Singapore — Crude oil futures were higher during mid-morning trade in Asia Wednesday, recovering from their overnight slump as markets now looked ahead for US inventory data to provide direction.
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At 10:20 am Singapore time (0220 GMT), front-month ICE Brent September futures rose 21 cents/b (0.33%) from Tuesday's settle at $64.56/b, while the NYMEX August light sweet crude futures contract was 4 cents/b (0.07%) higher at $57.66/b.
Oil futures lost close to $2/b during Tuesday's trading session after US Secretary of State Mike Pompeo on Tuesday said that Iran was prepared to negotiate with the US over its missile program, according to media reports.
US President Donald Trump underscored Pompeo's comments, saying progress has been made with Iran and that the US was not looking for a regime change in Tehran.
The comments appeared to markedly defuse a long-simmering standoff with Iran, but analysts indicated the downside market impact of the comments could be limited.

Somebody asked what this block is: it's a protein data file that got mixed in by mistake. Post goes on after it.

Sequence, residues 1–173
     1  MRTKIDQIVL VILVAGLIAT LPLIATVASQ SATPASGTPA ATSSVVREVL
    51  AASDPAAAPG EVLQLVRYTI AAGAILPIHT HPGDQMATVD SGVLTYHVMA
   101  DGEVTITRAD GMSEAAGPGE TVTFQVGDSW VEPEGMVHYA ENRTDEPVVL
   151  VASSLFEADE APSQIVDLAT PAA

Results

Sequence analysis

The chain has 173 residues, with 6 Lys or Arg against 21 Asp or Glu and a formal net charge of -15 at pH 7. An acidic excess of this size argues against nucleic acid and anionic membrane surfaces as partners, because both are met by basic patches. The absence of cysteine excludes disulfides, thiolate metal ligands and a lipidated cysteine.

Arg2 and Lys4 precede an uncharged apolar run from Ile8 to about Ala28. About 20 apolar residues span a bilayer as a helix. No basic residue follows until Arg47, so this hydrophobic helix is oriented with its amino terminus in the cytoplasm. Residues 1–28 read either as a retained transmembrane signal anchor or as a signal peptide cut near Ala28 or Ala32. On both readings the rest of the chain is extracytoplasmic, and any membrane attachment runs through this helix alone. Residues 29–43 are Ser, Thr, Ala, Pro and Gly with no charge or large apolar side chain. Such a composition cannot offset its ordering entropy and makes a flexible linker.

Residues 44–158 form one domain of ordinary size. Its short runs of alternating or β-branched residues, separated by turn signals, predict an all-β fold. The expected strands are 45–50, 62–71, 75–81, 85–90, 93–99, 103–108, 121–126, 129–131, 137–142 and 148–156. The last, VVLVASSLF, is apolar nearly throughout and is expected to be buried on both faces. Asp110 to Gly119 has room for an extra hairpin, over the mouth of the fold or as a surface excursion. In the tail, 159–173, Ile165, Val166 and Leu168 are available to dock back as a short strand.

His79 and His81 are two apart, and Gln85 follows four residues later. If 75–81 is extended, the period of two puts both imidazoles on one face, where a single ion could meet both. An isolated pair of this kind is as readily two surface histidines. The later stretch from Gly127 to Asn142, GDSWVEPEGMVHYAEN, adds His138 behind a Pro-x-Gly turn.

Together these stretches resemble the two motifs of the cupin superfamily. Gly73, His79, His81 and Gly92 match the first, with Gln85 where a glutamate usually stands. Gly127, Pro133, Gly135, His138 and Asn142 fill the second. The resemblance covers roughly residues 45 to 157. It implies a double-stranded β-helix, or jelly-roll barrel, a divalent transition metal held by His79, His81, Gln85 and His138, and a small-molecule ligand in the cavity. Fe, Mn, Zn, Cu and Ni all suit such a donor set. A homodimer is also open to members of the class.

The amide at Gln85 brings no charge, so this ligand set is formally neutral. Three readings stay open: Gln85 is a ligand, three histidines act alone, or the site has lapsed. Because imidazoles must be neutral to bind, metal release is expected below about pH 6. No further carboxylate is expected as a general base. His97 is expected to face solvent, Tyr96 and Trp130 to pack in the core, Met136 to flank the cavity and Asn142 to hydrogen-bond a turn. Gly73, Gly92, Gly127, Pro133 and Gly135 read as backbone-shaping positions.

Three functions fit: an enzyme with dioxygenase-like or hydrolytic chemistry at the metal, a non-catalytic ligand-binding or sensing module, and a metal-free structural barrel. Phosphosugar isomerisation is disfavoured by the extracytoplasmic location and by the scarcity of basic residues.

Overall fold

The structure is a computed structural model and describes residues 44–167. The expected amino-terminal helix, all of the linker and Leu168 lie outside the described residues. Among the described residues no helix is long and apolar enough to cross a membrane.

"Look to further pressure here that could build from the dissipation of geopolitical concerns and shift towards supply woes, though one should not rule out further jawboning to come from both the US and Iran in the duration," said Pan Jingyi, IG market strategist.
Prices in Asia this morning recovered as markets are now focused on US inventory data reports, amid renewed trade tensions between the US and China.
"Looking ahead, US inventories are expected to decline, and the extent of this decline will decide the price direction for this week," said ANZ analysts in a note Wednesday.
According to analysts' reports quoting data released by the American Petroleum Institute on Tuesday, US crude inventories for the week ended July 12 were down 1.4 million barrels.
Analysts surveyed Monday by S&P Global Platts were looking for a bigger draw of 4.2 million barrels in US crude stocks last week. Definitive numbers on last week's US crude inventory data is due for release from the US Energy Information Administration later Wednesday.
Investors would also be watching out for developments around the US-China trade dispute, with US President Donald Trump stating that additional tariffs could be levied on Chinese imports.
The US and China said that they were open to trade negotiations when the leaders of the two countries met in Japan for the G20 summit in June.
"Asian markets may trade with a softer tone today as investors contemplate the US threat of more Chinese tariffs again," said analysts from OCBC Bank in a note Wednesday.
As of 0220 GMT, the US Dollar Index was down 0.01% at 97.01.
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--Edited by Nurul Darni, email@example.com